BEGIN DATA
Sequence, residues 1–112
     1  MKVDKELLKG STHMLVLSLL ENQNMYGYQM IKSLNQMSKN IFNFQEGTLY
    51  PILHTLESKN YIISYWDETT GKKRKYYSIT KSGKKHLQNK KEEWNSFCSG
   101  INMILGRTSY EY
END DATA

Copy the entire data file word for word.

Sequence, residues 1–112
     1  MKVDKELLKG STHMLVLSLL ENQNMYGYQM IKSLNQMSKN IFNFQEGTLY
    51  PILHTLESKN YIISYWDETT GKKRKYYSIT KSGKKHLQNK KEEWNSFCSG
   101  INMILGRTSY EY